Custody and Parenting Time

When your parents live together, they are both responsible for taking care of you. When your parents stop living together, this might change.

For example:

Your parents might be able to agree on custody and parenting time themselves. But if they can't agree, even with the help of a mediator, they will have to go to court and have a judge decide. If this happens, the judge who is making the decisions will consider things like:

  • One parent might have sole custody. This means you live with one parent, who takes care of you everyday.
  • Or both parents might have custody. This is called joint custody. You might live part of the time with one parent, and part of the time with the other, or live with one parent—but both parents help make decisions about things in your life.
  • What will give you the fewest changes to deal with?
  • Are both of your parents healthy and responsible?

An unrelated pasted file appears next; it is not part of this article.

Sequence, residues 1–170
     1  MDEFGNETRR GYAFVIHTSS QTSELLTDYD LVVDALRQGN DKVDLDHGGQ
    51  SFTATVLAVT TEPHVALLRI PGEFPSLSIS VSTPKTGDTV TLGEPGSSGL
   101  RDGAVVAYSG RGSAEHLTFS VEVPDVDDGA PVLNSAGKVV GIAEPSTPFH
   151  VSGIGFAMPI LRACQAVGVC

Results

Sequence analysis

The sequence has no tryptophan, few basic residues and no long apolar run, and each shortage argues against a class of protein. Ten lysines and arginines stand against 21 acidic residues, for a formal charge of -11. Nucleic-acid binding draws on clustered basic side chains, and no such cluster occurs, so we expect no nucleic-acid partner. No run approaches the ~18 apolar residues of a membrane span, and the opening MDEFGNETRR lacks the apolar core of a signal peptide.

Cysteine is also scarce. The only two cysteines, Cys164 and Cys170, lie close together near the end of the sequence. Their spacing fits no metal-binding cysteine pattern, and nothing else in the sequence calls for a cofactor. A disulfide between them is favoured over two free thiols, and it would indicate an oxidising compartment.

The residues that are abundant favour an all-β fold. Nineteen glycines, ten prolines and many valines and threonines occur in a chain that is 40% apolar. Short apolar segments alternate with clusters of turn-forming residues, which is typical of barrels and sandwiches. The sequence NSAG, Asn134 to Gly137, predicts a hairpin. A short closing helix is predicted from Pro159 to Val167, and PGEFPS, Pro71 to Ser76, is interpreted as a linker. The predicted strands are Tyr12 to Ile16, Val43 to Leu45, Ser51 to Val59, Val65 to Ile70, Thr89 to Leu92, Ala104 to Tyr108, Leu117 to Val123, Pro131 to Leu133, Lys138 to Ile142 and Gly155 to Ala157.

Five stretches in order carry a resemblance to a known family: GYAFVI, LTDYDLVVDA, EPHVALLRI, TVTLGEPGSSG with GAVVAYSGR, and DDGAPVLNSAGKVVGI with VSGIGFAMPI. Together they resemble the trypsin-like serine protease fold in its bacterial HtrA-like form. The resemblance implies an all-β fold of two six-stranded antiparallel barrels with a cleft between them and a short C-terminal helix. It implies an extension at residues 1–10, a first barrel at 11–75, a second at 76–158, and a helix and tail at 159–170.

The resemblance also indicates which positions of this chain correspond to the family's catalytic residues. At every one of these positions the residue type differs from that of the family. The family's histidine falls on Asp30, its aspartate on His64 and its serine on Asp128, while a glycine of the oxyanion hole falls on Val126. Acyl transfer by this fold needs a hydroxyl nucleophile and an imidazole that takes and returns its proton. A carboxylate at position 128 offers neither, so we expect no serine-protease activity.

• What are your parents' plans for themselves and for you?
  • How close do you feel to each of your parents?
  • Do family and friends live near each of your parents?
  • What is your opinion? (The older you are, the more likely the judge will take your opinion into account.)

If one parent has custody, the other parent usually has parenting time or visitation, which means that you visit him or her. There are lots of different ways to arrange how you spend time with the parent who has parenting time. Visits might be for a few hours every week or two weeks or month, or for weekends or a few days every two weeks or month. If the parent with parenting time lives far away, parenting time can also include keeping in touch in other ways, like phone calls, e-mails, and letters. Parenting agreements may be very specific—actually spelling out the specific hours and days for visits—or very general and flexible.